UC Divinity School hosts obscene homage to Wendy Doniger

Professor Wendy Doniger
Professor Wendy Doniger

Sunthar Visuvalingam

Israeli Indologist David Shulman gave a well-attended public lecture Nov. 30, in honor of professor Wendy Doniger, the notorious American interpreter of Hindu mythology, at the University of Chicago (UC) Divinity School, before she retires from her long teaching career at the end of this winter quarter.

Under the title “Candrarekha’s Lament: A Not-so-lovely Courtesan, A Bittersweet Poet, and a Very Little King,” Shulman presented this Telugu poem in three cantos by accomplished poet Kuchimanchi Jaggakavi that comically describes the narcissistic infatuation of a petty king for an ugly prostitute. What is most striking about this avidly read poem that had long circulated only in manuscript form is its thoroughly obscene content, often in the coarse language of the gutter that would readily qualify as pornographic were it not for its undeniable literary merits.

The talk consisted in providing necessary context and reading out choice passages in translation to demonstrate its parodying techniques of inversion, wherein her revolting ugliness and his petty self-importance only served to fuel their mutual lust: the sort of material that has been especially worthy of Doniger’s attentions, as Shulman noted.

During this hour-long eulogy, greeted repeatedly by raucous laughter at its lurid intonations, there was no mention of our common knowledge that Doniger is despised by large sections of Hindus, not just religious fundamentalists, to the extent that her book on ‘The Hindus: An Alternative History’ was banned in India. Nor that a growing number of American Indologists and humanities scholars, even (former) UC colleagues, find her work profoundly objectionable.

Public intellectual Rajiv Malhotra has fittingly coined the label ‘Wendy’s Childsyndrome’ for the shared propensity of her PhD students to give free rein, with an exulting in-your-face irreverence, to the most demeaning interpretations of Hinduism.

Doniger attempts to justify her predilections by claiming that her humorless Hindutva detractors have lost the facility with which Hinduism earlier transgressed its own norms.In the 1902 publication of Candrarekha’s Lament, its learned Telugu editor rewrote all the offensive passages to render the poem more palatable to contemporary Indian sensibilities inflected by Victorian puritanism.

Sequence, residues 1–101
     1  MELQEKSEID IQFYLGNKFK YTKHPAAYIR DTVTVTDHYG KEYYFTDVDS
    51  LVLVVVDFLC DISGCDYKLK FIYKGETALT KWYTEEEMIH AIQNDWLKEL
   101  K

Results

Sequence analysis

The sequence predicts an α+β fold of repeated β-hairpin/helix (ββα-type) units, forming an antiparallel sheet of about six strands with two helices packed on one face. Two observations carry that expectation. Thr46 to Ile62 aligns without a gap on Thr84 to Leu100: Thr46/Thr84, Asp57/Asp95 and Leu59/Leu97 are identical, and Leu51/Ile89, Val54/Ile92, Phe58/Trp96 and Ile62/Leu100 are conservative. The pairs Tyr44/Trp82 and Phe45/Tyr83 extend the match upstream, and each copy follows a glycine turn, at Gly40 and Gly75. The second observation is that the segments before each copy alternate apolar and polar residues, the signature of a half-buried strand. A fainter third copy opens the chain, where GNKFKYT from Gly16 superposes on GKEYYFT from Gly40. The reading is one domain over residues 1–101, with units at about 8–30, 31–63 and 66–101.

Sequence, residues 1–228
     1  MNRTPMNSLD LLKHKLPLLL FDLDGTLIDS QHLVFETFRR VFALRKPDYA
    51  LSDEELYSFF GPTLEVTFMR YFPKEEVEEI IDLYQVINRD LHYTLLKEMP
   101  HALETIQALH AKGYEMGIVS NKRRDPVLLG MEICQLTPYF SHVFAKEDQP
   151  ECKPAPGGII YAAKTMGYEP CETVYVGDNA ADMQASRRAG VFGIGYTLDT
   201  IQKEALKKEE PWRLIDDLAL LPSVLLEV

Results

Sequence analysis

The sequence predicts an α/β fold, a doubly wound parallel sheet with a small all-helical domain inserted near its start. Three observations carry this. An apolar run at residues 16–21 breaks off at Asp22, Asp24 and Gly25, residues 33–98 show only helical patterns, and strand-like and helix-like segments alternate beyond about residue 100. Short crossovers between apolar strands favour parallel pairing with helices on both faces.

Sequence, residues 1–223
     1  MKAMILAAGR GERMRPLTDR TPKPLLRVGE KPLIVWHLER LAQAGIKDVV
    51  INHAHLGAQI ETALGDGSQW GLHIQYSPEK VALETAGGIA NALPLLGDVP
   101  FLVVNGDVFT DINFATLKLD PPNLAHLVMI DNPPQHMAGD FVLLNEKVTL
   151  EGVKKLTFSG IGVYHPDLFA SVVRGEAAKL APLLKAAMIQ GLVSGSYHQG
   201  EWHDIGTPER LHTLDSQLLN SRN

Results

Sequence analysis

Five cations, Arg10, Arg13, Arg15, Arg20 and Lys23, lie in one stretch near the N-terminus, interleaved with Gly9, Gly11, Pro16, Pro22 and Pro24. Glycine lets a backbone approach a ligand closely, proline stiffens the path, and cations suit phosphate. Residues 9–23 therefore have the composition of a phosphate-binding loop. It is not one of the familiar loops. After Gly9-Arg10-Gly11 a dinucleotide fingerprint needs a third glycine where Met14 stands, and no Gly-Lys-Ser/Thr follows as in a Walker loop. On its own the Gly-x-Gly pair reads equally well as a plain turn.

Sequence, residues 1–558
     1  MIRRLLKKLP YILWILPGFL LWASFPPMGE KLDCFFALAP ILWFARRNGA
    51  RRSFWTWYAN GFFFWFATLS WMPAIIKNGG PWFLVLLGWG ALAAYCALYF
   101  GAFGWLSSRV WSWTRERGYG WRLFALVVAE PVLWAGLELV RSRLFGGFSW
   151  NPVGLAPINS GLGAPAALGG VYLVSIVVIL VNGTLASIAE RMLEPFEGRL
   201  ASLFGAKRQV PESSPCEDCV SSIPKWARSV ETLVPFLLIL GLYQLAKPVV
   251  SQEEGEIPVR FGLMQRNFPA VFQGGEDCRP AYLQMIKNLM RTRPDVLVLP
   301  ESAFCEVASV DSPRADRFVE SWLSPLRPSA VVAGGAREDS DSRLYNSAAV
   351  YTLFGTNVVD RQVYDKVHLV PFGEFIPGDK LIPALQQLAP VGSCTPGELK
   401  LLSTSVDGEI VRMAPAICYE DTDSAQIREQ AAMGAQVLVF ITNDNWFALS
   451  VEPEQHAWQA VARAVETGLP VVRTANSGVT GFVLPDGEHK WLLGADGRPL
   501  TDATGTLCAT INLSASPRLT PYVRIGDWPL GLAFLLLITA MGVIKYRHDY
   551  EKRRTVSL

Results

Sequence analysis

He expresses the fervent wish that, with its printing, the unexpurgated manuscripts would gradually disappear from circulation. By thus resurrecting the original within the haloed crowded confines of the UC Divinity School, the ‘first-born child’ seemed to demonstrate that the classical tradition was on his teacher’s side. Starting on his PhD, Shulman began studying with Doniger in 1972 during her stint at SOAS London.

Having already proven his poetic worth through prior works attesting mastery of classical technique, style, and taste, Jagga Kavi was not merely lampooning the inordinate lust of his miserly ‘royal’ patron but parodying the sterile conformity of his mediocre predecessors to stale literary canons.Shulman, however, balked at reducing Kavi’s rhetoric to the procedures of “inversion” (of professed ideals) that define irony and satire. Instead, he coined the term “supraversion” to propose that through incongruous juxtaposition tothe sublime, the obscene has been transvalued into an even higher and innovative level of artistic expression.

I would add that this underlying principle was already enshrined in the earlier tradition of the ‘great brahmin’ clown of the Sanskrit theater, who was obliged to mouth profanities in the vernacular that were not only labeled ‘poetic humor’ but accorded a sacred status beside the king.

Whereas Doniger’s interpretive methods and predilections have been sharply critiqued even by fellow Western scholars in Indology and religious studies, the choice of Shulman to confer this ultimate honor would seem to vindicate (the portrayal of Hinduism in) her life work. For he was the second holder of the prestigious UC Vivekananda Chair that the Indian government had generously funded with US$1.5M in taxpayer money.

In December 2017, he was conferred the International Award “for promoting Indian culture” by the Kanchi Shankaracharya. Emerging from UC Swift Hall, a retired Indian psychiatrist praised to me in Hindi the “excellence” (kamaal) of his talk. Keen to promote collaborations at academic institutions in India, a visiting Hindu research scientist, who seemed to have slept through most of the peroration, joined the following reception to exchange pleasantries with Doniger and Shulman.

Shulman concluded by offering (his exposition of) Candrarekha’s Lament as “a very small guru-dakshina, a gift, to my teacher Wendy, by far the most generous human being I have met.”

It seems to me that to be generous in the exercise of an intellectual discipline that claims to interpret alien peoples is, above all, to attempt to understand them through their own values and thought-categories, exemplified in the pioneering representations of ‘primitive’ cultures by anthropologist Claude Lévi-Strauss, whom Doniger invoked long ago as the primary inspiration for her doctoral thesis. Without such scholarly empathy, abundantly displayed by her senior retired UC colleague and fellow Indologist, McKim Marriott, we are left witnessing the mutual backscratching through which dubious academics promote their own careers.

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